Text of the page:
Some notes from Microsoft TechDay 2015 dedicated to Windows Server vNext which took place yesterday at co-working space Nagatino-Club. Note those are just quick and crude notes accompanied by some pictures from event, nothing more.
Empty hall before beginning:
Just a picture taken out of the window of Nagatino-Club coworking. If you look under red arrow carefully enough you may see towers of Moscow City
commercial district under red arrow. :)
I used to work there for a while and IMHO it has a striking similarity to Canary Wharf
in London, though you won’t notice this looking at the picture below.
Session 1 – What’s new in Hyper-V (Mikhail Komarov, Hyper-V MVP)
Virtual TPM which allows use of BitLocker in VMs. Though it’s a bit unclear how useful it is in case we can steal VM files and this vTPM is included inside. Just an extra password/key?
2012 R2 allowed capping of IOPS per disk (set max allowed number) for VM, 2016 allows to do this per VM. Also we can do this via policy on a failover cluster level. MS calls this stuff Storage Quality (think of network QoS, now you have similar stuff for storage subsystem).
Cluster which uses 2012 R2 can be upgraded to 2016 CTP without downtime, though this may not be the case for RTM. This something interesting to try in a lab environment.
Better handling of storage subsystem failures – VMs not being moved immediately to other cluster node, but rather wait if delay was actually down to network latency (temporary NIC or switch overload for example). So the overal tendency is to maximize usage of commodity hardware and building redundant and resilient systems out of it with set of Windows Server technologies. Potentially you can save on expensive servers and SAN devices, and pay for commodity hardware and Microsoft licenses – in certain scenarios it will be significantly cheaper. There was certain skepticism from some community members that such solution will provide data safety and recoverability of the same grade as expensive hardware storage systems (e.g. devices from EMC or IBM).
VHDX can be resized interactively.
Memory can be added without VM downtime, and the same is possible for vNICs (MS implemented this based on high demand from Hyper-V technical community).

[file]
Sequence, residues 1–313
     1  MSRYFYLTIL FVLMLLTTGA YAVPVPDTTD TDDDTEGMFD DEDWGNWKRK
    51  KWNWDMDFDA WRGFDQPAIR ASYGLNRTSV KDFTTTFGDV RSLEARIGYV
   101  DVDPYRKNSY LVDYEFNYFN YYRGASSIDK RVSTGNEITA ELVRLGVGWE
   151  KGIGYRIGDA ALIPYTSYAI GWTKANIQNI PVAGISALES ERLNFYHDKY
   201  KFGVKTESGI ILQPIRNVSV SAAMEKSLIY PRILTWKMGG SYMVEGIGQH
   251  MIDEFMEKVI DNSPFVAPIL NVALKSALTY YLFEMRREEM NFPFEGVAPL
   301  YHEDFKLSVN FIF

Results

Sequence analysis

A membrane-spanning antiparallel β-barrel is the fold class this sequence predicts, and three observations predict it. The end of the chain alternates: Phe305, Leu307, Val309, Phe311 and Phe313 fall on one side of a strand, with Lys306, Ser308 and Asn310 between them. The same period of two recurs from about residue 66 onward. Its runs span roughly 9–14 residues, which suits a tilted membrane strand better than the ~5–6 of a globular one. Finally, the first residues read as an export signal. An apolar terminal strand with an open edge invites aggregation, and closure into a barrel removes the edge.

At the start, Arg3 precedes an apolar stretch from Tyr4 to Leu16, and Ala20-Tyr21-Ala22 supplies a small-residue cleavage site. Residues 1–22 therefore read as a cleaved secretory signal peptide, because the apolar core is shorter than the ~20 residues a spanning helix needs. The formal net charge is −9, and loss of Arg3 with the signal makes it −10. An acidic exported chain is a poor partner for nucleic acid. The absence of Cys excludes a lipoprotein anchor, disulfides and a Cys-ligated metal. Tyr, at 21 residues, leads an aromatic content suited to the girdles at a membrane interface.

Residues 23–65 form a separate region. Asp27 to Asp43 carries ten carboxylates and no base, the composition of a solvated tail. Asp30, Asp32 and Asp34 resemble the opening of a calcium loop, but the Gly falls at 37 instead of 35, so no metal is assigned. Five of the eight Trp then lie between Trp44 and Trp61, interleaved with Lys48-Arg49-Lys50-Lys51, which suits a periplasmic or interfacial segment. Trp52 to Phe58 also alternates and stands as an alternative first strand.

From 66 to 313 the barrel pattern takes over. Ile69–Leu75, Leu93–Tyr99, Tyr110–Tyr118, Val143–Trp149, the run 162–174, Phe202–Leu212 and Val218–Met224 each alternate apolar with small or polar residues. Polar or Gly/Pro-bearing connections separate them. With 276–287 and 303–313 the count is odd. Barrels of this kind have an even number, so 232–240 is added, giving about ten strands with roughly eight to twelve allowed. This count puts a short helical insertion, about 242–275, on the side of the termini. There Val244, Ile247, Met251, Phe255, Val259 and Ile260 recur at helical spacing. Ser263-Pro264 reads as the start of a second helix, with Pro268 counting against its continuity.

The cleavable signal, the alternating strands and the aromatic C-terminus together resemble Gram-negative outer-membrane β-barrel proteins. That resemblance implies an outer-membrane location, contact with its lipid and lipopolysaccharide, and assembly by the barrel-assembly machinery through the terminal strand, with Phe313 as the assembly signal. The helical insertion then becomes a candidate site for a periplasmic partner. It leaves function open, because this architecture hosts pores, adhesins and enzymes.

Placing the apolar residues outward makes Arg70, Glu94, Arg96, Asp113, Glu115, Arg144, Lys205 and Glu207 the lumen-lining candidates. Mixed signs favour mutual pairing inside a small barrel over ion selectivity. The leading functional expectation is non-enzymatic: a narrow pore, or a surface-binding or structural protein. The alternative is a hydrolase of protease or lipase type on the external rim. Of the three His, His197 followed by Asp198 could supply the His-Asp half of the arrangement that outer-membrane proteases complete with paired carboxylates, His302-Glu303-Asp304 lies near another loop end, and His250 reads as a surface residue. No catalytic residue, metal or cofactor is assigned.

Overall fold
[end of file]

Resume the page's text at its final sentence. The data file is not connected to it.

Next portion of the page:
Snapshots. Though those are not recommended for most of production scenarios people use it anyway. MS improved snapshot process in response to this with “production checkpoint” option which uses VSS and some other technics for Linux guests to make snapshots more appropriate for production VMs.
Ability to connect with PowerShell into guest OS running inside of VM without need for network connectivity.
Hyper-V backup evolution. New architecture, changes tracking now included into platform and does not require file system level filters which were used before.
Hyper-V platform enhancements. New Hypervisor power management modes.
RemoteFX improvements. OpenGL 4.4 and OpenCL 1.1 API support. Larger size of video RAM which can be allocated and configured.
SLAT is a requirement for new Hyper-V both for client and server versions.
Session 2 – Nano Server: future of Windows Server starts now (Georgiy Gadzhiev)
Problems: numerous reboots, large server OS images, high demand for resources. Answer – Nano Server. Sounds like something we already heard with introduction of Server Core? Nano Server takes this idea one step further leaving only core and what is necessary for particular role/workload only, i.e. not only GUI removed but all unnecessary roles and features removed too giving you sort of container for particular role only.
So 2008 introduced Core/Full Server idea, 2012 added Minimal Server Interface, 2016 – Nano Server
Because of small size of Nano Server VMs they moving faster between cluster nodes.
Azure/Cloud Platform System
Nano Server allowed removal of previously tightly-coupled components. It includes ASP .NET core. Now we have containers for runnin of apps which isolated from base OS in a way somewhat similar to what we have with App-V containers.
We can configure Nano Server with PowerShell Desired State Configuration. Remote management with Core PowerShell and WMI. It can be integrated into DevOps tool set.
PowerShell replaces local management tools for Nano Server.
Support for cloud apps: Win32 subset; CoreCLR, PaaS & ASP.NET 5
Development. Windows SDK and Visual Studio 2015 oriented towards Nano Server. Toolset can be loaded from VS collection.
Reverse Forwarders / Backward Compatibility. Nano Server can forward calls to old/removed DLLs to their available substitutes (reverse forwarders) and call can be processed successfully if it lies within Nano Server SDK.
Even less amount of updates combined with ability to avoid Nano Server restart by restarting individual components.